President Salva Kiir's army says a major offensive is underway to retake two strategic towns under the control of fighters loyal to former Vice President Riek Machar. The fighting has entered its second week.
The announcement by South Sudan's Information Minister Michael Makuei that the Sudan's People Liberation Army (SPLA) has launched an offensive has deepened fears that the conflict is tilting the young nation further into a civil war.
DW's correspondent Hannah McNeish in South Sudan's capital Juba said people in the country were already calling the fighting a civil war. "It has turned from a political struggle into widespread ethnic killings." McNeish said, adding that armed civilians had joined various army factions and were now targeting rival ethnicities.
On Tuesday (24.12.2013), United Nations Secretary General Ban Ki-moon urged the Security Council to send more troops to the country. Ban Ki-moon also warned warring factions that reports of crimes against humanity would be investigated, as eyewitnesses spoke of a wave of brutal ethnic killings.
Hundreds of people have been killed since President Salva Kiir accused his rival former deputy Riek Machar of attempting a coup. Last week, gunmen stormed a UN base in Akodo, killing two Indian peacekeepers and at least 20 other civilians. They had fled to the UN compound for shelter.
The ethnic equation
The fighting has now taken on ethnic dimensions. This has sparked concerns that it could be difficult for the leaders to stop the conflict should civil war break out. President Salva Kiir is a Dinka, South Sudan's largest ethnic group, while Machar hails from the Lou Nuer ethnic community. The two tribes have had violent conflicts - mostly centered in Jonglei State - ever since South Sudan gained independence from Sudan.
Toby Lanzer, the UN's Humanitarian Coordinator in South Sudan, told DW that the country was becoming increasingly volatile. "It has been difficult for us to reach all corners of the country, and in some cases we have had to relocate staff to get them out of harm's way," Lanzer said.
Rebels loyal to Machar were in control of Bor, capital of Jonglei State, as well as Bentiu, capital of oil-producing Unity State. However, South Sudan's Information Minister Michael Makeui insisted the government continued to control parts of Unity State, including its oil fields. According to Makeui, Machar and his wife escaped by boat to Unity State, the birthplace of the former rebel fighter.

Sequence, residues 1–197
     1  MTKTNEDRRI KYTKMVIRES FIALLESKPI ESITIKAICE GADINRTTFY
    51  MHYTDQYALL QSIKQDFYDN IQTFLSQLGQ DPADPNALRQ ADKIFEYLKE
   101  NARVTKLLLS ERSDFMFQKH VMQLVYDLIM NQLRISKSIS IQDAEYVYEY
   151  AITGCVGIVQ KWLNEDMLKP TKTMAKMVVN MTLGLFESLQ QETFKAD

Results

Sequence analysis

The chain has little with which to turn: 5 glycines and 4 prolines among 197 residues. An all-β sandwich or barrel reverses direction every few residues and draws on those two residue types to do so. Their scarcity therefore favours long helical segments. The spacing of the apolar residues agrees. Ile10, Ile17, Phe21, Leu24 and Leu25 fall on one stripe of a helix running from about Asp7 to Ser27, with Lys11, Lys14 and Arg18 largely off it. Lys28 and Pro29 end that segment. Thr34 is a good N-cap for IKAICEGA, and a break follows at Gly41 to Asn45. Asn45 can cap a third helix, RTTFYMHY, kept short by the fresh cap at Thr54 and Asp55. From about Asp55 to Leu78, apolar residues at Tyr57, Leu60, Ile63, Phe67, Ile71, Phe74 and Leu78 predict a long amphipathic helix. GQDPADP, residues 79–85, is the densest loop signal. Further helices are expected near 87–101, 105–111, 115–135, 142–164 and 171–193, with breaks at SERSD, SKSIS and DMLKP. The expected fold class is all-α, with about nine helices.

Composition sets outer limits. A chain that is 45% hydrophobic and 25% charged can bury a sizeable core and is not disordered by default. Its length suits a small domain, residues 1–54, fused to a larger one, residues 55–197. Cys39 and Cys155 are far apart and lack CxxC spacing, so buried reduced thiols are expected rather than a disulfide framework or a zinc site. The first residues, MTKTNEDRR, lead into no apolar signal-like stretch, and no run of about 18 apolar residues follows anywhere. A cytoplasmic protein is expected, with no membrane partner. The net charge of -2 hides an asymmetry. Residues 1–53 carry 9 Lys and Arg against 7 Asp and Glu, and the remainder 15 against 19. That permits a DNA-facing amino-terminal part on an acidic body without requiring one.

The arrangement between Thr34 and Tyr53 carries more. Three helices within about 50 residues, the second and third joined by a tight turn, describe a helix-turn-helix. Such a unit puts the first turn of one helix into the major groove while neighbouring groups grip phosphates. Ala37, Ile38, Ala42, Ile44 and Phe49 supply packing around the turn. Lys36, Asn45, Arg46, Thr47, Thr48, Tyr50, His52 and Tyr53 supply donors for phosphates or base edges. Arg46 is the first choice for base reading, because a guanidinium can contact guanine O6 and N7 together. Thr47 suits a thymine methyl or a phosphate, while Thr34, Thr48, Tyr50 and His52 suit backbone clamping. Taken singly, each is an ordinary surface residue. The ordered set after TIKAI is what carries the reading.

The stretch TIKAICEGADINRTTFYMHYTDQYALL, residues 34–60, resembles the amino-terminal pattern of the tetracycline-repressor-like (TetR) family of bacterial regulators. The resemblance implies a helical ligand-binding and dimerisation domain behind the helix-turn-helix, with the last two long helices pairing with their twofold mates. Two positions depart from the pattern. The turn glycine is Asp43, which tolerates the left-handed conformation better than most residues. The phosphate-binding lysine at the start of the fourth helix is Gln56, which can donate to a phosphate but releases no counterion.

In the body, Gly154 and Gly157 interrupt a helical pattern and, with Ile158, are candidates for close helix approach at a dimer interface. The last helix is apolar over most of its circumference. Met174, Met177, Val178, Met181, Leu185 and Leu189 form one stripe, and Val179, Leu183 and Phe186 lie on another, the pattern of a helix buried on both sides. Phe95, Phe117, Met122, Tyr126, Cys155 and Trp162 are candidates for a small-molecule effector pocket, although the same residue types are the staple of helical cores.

Kiir, facing his biggest challenge since being sworn in as president in 2011, was expected to meet with Rebecca Garang, widow of the late John Garang, founder of the Sudan People's Liberation Army, who is widely seen as a supporter of Machar. Kiir and Machar are both members of the Sudan People's Liberation Movement, the political wing of the SPLA.
Machar has been described by regional negotiators as a wild card. On Monday (23.12.2013), he said he was willing to talk to Kiir but on condition that all his "comrades" were freed. Initially, Machar had indicated he would only hold talks if Kiir agrees to relinquish power. The talks, which are being facilitated by a group of ministers from neighboring African states have so far failed to stop the violence.
The US and various European and African countries started evacuations last week. Four servicemen from the US were wounded when their aircraft came under fire in a rebel-held area.
Britain, which sent three aircraft to pull out its nationals, gave a warning to those who chose to stay saying they "may have difficulty leaving in the event of a further deterioration in security."
The UN also removed "non-critical" staff from South Sudan. But it said it would boost the number of peacekeepers in Jonglei and Unity states. The UN says the conflict has led more than 45,000 civilians to take refuge at its facilities.
According to Lanzer, the situation is changing rapidly. "We've got possibly hundreds of thousands of people who have sought refuge in churches," he said.
Lanzer called on the international community to assist their operations, saying they have "massive requirements for water, hygiene items, health items, shelter as well as foodstuffs."
The oil factor
The oil sector has been hit severely by the fighting, with oil companies evacuating employees after the death of at least five South Sudanese oil workers last week. But the government insists that oil facilities have not been damaged and oil was still flowing.
Oil production accounts for more than 95 percent of South Sudan's economy. The young nation is rich in oil after seceding from Sudan, but remains deeply impoverished and awash with small arms after the long conflict with Khartoum.